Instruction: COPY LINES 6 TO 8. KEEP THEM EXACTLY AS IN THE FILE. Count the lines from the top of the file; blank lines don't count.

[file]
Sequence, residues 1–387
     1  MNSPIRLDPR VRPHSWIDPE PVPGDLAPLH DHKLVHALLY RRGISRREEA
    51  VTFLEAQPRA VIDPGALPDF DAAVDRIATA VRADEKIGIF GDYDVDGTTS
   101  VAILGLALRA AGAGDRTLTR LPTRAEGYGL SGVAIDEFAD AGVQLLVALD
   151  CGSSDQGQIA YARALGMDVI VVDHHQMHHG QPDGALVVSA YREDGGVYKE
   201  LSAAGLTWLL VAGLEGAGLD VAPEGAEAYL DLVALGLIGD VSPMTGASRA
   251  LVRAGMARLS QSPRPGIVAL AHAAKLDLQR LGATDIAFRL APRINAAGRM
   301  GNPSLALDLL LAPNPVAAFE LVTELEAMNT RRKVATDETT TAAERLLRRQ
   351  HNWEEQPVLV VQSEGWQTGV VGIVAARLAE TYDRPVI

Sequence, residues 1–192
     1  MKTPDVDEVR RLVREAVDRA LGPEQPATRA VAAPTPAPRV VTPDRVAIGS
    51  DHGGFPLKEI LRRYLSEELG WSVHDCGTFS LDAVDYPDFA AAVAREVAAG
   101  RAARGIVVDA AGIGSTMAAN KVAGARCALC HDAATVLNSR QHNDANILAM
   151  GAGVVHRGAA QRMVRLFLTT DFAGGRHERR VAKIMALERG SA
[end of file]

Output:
   201  LSAAGLTWLL VAGLEGAGLD VAPEGAEAYL DLVALGLIGD VSPMTGASRA
   251  LVRAGMARLS QSPRPGIVAL AHAAKLDLQR LGATDIAFRL APRINAAGRM
   301  GNPSLALDLL LAPNPVAAFE LVTELEAMNT RRKVATDETT TAAERLLRRQ